April 2, 2003
FROM: Robert J. Freeman, Executive Director
The staff of the Committee on Open Government is authorized to issue advisory
ensuing staff advisory opinion is based solely upon the facts presented in your correspondence.
As you are aware, I have received your correspondence concerning the status
Committee on Professional Standards under the Freedom of Information Law. That entity
investigates complaints concerning the professional conduct of attorneys pursuant to the authority
conferred by the Appellate Division.
In my view, the Committee on Professional Standards is not subject to the
Information Law. In this regard, I offer the following comments.
First, that statute pertains to agency records, and §86(3) defines the term "agency" to include:
"any state or municipal department, board, bureau, division,
commission, committee, public authority, public corporation, council,
office or other governmental entity performing a governmental or
proprietary function for the state or any one or more municipalities
thereof, except the judiciary or the state legislature."
In turn, §86(1) defines "judiciary" to mean:
"the courts of the state, including any municipal or district court,
whether or not of record."
As such, the Freedom of Information Law excludes the courts from its coverage.
Second, with respect to the discipline of attorneys, §90(10) of the Judiciary Law states that:
"Any statute or rule to the contrary notwithstanding, all papers,
records and documents upon the application or examination of any
person for admission as an attorney or counsellor at law and upon any
complaint, inquiry, investigation or proceeding relating to the conduct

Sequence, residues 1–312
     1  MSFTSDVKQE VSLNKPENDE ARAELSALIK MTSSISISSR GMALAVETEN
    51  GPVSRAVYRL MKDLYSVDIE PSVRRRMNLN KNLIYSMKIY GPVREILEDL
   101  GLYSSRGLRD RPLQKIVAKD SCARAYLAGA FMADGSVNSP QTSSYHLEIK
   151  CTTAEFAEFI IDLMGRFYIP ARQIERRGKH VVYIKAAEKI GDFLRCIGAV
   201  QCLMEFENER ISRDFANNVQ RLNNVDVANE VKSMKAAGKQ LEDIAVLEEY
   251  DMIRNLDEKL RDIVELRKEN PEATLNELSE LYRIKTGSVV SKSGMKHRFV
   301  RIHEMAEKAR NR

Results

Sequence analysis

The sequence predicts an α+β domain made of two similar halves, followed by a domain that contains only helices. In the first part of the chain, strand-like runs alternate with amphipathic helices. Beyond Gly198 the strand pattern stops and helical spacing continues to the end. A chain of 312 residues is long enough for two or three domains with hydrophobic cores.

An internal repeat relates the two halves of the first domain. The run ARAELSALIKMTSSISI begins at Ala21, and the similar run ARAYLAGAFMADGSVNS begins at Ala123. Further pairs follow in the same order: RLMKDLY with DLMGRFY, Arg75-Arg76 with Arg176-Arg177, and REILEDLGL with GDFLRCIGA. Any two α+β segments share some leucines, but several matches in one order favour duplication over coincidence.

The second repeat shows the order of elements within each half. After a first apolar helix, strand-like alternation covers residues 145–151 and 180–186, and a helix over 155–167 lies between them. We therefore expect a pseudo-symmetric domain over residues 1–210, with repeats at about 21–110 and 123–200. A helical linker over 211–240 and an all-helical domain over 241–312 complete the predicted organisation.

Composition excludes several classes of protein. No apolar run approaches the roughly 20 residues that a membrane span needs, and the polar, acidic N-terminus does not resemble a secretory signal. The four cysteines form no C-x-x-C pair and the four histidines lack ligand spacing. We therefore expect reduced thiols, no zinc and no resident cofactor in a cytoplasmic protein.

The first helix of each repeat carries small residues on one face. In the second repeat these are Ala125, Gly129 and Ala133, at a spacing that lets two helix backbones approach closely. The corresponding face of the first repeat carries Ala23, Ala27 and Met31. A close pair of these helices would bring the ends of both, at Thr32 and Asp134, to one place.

or discipline of an attorney or attorneys, shall be sealed and be
deemed private and confidential. However, upon good cause being
shown, the justices of the appellate division having jurisdiction are
empowered, in their discretion, by written order, to permit to be
divulged all or any part of such papers, records and documents. In the
discretion of the presiding or acting presiding justice of said appellate
division, such order may be made without notice to the persons or
attorneys to be affected thereby or upon such notice to them as he
may direct. In furtherance of the purpose of this subdivision, said
justices are also empowered, in their discretion, from time to time to
make such rules as they may deem necessary. Without regard to the
foregoing, in the event that charges are sustained by the justices of the
appellate division having jurisdiction in any complaint, investigation
or proceeding relating to the conduct or discipline of any attorney, the
records and documents in relation thereto shall be deemed public
Therefore, when records are subject to §90(10) of the Judiciary Law, I believe that they may be disclosed only in conjunction with that statute, and that the Freedom of Information Law would be inapplicable. I note, too, that a different entity, one that also performs a function on behalf of the Appellate Division in relation to §90 of the Judiciary Law, was found to exercise a judicial function, is part of the judiciary and, therefore, is outside the coverage of the Freedom of Information Law [see Pasik v. State Board of Law Examiners, 102 AD2d 395 (1984)].
I hope that I have been of assistance.